But he needs a benefactor to step forward if a Jewish community center is to become a reality.  “We are open to offers from anybody who wants to name it after themselves, their father or some other family member,” he said.

If you’re looking for a warm and sunny place to retire with a backyard overlooking the sea, Mel makes a strong case for Puerto Vallarta.

“People who are thinking of retiring to Mexico should know that there is a fellowship of Jews down here and that as time goes on, there will be more and more Jews,” he said.  “With the ocean and the scenery and the people, there is no place in the world that we have ever found that compares.”

Editor’s note:  I’m sad to report that Mel passed away in 2013.  Donna Feldman (helth1@sbcglobal.net) is now organizing Jewish events in Puerto Vallarta.

© 2009 Dan Fellner
view of valleta malta harbor

New Chabad Center and Kosher Restaurant Open in Malta

By | Jewish Travel, Malta | No Comments

Mediterranean island-country popular destination for European and Israeli tourists

The Jewish News of Greater Phoenix — June 28, 2013

BUGIBBA, Malta – I didn’t realize it at the time, but I was about to make history.

My friend Henry Stein of Tempe and I were on a public bus on Malta’s northern coast in a hard-to-pronounce town called Bugibba.  We had just finished a scenic 90-minute cruise through the harbors surrounding this Mediterranean island-nation’s capital city of Valletta and were headed back to our hotel.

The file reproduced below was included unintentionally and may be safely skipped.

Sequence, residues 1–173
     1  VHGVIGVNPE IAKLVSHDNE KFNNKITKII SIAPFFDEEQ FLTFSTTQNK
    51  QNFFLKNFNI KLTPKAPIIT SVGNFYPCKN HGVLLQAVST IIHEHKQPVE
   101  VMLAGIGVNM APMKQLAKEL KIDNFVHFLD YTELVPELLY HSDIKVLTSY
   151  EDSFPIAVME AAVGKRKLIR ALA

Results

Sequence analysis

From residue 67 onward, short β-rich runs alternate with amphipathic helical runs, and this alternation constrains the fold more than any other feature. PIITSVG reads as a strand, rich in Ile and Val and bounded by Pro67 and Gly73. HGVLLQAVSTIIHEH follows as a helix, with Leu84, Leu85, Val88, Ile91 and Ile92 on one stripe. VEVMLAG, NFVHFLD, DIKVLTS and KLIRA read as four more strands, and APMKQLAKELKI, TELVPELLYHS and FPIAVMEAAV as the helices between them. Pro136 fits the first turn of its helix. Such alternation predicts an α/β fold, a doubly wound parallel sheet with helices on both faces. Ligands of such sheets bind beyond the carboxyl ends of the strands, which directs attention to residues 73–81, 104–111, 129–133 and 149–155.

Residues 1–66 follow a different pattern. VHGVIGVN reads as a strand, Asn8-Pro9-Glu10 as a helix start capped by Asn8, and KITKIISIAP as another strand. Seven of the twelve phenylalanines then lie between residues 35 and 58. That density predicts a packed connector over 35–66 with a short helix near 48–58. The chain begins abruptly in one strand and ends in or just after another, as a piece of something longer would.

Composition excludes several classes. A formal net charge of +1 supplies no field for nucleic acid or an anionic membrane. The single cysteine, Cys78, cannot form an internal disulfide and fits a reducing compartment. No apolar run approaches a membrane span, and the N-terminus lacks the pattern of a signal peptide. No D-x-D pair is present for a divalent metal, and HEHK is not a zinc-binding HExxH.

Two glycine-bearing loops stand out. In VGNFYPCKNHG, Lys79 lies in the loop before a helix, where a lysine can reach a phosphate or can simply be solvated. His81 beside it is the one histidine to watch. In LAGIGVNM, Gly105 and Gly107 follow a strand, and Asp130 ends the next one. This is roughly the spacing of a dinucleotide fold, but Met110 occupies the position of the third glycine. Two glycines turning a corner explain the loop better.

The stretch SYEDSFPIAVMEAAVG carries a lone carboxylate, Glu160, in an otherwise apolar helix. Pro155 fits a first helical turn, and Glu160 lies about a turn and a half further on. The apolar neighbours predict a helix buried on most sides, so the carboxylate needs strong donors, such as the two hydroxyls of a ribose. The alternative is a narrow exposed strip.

Malta Chabad

 Malta’s new Chabad center and kosher restaurant

While I was gazing at the blue waters of St. Paul’s Bay to the left of the road, a large sign on a whitewashed building on the right caught Henry’s attention.

“Chabad is here,” he exclaimed, a piece of information that caught both of us by surprise.

Five minutes later, after arriving at the Bugibba bus station, we walked back to the building and entered one of the newest Chabad chapters in the world.  We introduced ourselves to Rabbi Chaim Segal and learned that the facility opened only four months earlier.

Chabad has a presence in about 80 countries, in places as diverse as the Democratic Republic of the Congo, Nepal and Cambodia.  Malta is the newest country to join the list.

To my surprise, I also learned from the rabbi that we were the first Americans to set foot inside the doors of Chabad Malta.

Rabbi Chaim Segal

Rabbi Chaim Segal and his wife Mushka, co-directors of the new Chabad chapter in Malta

A few days later, I sat down with the rabbi and his wife Mushka, who is co-director of the new facility, which includes a small synagogue and a kosher restaurant called L’Chaim.  I wanted to learn more about Jewish life on Malta and why Chabad decided to establish a beachhead on this tiny island that is one-tenth the size of Rhode Island.

The Segals, both of whom are from Israel, moved to Malta in December with their three children.  They specifically asked to go to a country in which Chabad did not already have a presence.

“We wanted the challenge of coming to a place and starting from zero,” said Mushka.

They couldn’t have picked a more scenic location.  Malta is known for its beautiful harbors, walled-cities made of stone and 17th century fortresses perched high above the Mediterranean.  The country boasts    nine UNESCO World Heritage Sites.  Not surprisingly,    it has become a popular tourist destination, particularly for northern Europeans.